At some point in your life, someone has probably urged you to “go with your gut!” Conventional wisdom is that our first instincts are always correct. We treat intuition like a divine judgment call that will guide us in the right direction.
But our first thoughts aren’t always our best thoughts. Many studies, like this one published in the Journal of Personality and Social Psychology, have found that when students rethink and change their answers on a test, those answers are more often correct than incorrect. In other words, “trust your gut” might not be the best advice after all.
“A lot of times intuition is just subconscious pattern recognition,” says social psychologist Adam Grant. “And the patterns that you’re recognizing from the past may not be relevant to the problem you’re solving right now.” Grant argues there’s value in second-guessing your thoughts, opinions, and beliefs – even when you’re not taking a standardized test.
If you find yourself reading this and feeling resistant, it might be your “totalitarian ego” talking. There’s a little voice inside us that will avoid being wrong at all costs – even if it means rejecting new information, refusing to apologize, or shooting down perfectly good ideas. Your inner dictator wants to protect you from the pain of being wrong. What it doesn’t realize is that there are advantages in admitting your mistakes and sitting with uncertainty.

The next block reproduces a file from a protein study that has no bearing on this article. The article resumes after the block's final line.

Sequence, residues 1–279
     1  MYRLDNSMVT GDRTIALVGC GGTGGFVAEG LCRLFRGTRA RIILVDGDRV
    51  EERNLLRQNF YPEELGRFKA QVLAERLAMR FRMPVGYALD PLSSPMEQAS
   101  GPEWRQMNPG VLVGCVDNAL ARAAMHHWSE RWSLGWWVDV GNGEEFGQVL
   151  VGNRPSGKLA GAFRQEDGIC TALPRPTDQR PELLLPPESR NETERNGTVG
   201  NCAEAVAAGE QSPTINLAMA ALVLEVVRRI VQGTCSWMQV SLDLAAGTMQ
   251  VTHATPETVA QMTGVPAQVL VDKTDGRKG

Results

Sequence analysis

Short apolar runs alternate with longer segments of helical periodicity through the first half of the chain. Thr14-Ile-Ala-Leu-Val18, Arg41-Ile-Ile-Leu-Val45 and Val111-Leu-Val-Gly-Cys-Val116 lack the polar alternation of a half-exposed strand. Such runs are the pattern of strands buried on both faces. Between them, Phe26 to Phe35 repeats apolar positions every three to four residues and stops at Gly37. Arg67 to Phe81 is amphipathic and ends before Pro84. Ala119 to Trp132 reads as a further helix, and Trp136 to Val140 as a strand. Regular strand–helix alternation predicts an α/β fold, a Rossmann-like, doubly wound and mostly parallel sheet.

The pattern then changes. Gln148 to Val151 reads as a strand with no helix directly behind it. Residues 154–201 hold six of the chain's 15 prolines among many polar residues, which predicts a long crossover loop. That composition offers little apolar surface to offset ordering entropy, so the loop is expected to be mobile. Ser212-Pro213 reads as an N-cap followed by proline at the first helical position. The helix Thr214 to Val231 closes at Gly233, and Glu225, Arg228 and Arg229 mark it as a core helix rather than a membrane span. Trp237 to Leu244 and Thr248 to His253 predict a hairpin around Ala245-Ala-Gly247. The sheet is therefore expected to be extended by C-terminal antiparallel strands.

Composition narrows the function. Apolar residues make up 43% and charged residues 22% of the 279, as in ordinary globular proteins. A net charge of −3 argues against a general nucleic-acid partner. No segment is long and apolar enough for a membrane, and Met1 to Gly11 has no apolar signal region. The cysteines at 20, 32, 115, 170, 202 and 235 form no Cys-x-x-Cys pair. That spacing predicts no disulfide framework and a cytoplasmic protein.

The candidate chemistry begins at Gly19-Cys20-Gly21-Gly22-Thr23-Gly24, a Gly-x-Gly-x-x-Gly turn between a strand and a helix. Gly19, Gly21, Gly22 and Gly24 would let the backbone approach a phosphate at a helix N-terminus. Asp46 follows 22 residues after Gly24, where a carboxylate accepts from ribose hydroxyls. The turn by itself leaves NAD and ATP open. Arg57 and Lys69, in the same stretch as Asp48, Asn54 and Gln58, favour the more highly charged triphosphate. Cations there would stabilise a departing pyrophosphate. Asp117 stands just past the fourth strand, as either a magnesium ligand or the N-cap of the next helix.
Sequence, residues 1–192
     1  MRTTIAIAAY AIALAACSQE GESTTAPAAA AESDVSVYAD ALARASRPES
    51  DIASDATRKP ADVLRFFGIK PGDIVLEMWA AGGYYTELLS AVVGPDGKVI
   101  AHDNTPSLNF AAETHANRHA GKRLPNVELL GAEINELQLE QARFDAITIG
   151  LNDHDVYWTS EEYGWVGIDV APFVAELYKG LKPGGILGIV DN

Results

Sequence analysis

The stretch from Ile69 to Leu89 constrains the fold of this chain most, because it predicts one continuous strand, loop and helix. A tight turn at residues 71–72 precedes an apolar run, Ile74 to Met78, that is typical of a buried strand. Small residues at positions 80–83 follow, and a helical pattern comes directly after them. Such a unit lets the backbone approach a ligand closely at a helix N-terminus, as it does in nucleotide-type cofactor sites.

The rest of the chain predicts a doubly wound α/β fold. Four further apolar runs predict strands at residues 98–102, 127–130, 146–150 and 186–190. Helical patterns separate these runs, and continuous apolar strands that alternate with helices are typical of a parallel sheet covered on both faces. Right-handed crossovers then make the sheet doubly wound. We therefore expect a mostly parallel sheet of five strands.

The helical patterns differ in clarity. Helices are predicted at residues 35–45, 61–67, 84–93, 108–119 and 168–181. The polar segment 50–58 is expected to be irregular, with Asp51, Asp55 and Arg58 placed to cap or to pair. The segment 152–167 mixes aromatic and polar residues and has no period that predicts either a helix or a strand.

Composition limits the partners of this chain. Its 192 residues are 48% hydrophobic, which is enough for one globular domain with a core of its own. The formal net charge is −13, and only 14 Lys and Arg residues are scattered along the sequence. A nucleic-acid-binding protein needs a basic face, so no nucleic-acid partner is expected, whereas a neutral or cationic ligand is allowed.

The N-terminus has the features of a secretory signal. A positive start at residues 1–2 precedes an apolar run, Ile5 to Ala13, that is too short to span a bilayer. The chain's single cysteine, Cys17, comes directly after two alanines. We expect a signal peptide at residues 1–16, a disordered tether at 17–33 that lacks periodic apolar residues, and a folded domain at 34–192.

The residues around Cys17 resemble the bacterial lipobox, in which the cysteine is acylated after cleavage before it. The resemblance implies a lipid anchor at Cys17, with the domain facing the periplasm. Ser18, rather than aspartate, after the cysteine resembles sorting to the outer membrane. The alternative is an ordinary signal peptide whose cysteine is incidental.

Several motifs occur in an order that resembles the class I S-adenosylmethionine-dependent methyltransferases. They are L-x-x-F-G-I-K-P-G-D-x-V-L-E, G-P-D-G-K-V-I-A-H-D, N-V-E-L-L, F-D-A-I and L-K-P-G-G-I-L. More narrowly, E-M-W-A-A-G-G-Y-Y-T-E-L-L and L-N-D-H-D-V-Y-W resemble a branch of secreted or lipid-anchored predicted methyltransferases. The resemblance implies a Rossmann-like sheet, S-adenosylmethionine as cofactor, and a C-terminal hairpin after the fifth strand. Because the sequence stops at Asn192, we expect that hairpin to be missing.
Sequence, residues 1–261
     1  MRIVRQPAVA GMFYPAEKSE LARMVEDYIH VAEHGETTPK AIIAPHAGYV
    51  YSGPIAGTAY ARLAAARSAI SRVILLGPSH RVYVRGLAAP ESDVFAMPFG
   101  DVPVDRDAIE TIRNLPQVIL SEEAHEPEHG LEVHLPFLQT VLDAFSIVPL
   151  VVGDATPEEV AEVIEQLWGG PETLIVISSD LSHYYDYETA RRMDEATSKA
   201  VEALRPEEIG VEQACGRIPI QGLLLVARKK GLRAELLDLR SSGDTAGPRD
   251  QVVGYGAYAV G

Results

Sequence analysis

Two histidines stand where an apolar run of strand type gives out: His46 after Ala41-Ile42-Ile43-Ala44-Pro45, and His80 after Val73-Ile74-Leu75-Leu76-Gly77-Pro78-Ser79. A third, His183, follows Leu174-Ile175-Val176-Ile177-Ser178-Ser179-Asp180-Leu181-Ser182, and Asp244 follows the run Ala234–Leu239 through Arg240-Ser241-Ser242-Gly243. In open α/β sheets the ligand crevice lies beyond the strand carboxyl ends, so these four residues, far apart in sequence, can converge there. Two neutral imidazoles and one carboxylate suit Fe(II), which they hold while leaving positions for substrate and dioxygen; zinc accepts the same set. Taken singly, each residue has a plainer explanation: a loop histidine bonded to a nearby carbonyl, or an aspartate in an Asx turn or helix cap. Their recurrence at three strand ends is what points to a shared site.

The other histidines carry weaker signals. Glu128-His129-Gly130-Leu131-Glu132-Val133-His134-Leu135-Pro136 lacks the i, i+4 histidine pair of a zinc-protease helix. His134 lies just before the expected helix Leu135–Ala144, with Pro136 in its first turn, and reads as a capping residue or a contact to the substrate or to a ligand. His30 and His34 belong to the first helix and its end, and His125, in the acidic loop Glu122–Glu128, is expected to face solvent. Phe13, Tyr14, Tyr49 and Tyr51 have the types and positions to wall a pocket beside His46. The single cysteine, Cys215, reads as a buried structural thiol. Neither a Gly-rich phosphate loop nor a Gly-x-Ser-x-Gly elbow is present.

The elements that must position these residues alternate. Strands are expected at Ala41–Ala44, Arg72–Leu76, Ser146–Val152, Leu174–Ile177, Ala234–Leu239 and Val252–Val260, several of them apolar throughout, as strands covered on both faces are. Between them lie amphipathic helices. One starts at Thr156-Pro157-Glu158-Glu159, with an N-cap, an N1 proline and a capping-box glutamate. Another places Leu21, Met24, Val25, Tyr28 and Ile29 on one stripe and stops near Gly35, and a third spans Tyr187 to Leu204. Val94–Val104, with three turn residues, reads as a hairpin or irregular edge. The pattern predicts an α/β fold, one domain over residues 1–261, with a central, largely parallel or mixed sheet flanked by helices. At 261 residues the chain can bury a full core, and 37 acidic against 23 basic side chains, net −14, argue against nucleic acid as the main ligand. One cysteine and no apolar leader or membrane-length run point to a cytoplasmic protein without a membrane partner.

Science provides a good model for the virtues of second-guessing. In an interview with the French National Center for Scientific Research (CNRS), philosopher Edgar Morin said,
“Science philosophers have specifically shown us that dissension is an inherent part of research, which actually needs it to move forward. ”
Rethinking is a crucial part of scientifically understanding the world. Now, even scientists are sometimes held hostage by the totalitarian ego. How can we all become more open-minded to criticism and second-guessing? Start by cultivating what Grant calls a “challenge network.” That is to say, surround yourself with people who question you, disagree with you, and point out holes in your thinking. Remember: You can disagree without being disagreeable.
Also, try to separate your beliefs and opinions from your values. When something becomes a big part of who you are, it can be hard to change your mind about it. Try building your identity around values instead – generosity, equality, integrity. It’s a lot easier to open your mind to new information when you build your sense of who you are around what you value, rather than what you believe.
ON THE PODCAST
February 1: The ability to change your mind is an important skill. Organizational psychologist Adam Grant believes mental flexibility is a skill we can learn. This week, we explore why it’s worth challenging what we think we know.
February 8: Stereotypes are all around us, shaping how we see the world – and how the world sees us. On the surface, the stereotypes that other people hold shouldn’t affect the way we think or act. But our concerns about other people’s perceptions have a way of burrowing deep into our minds. This week, social psychologist Claude Steele explains the psychology of “stereotype threat.”
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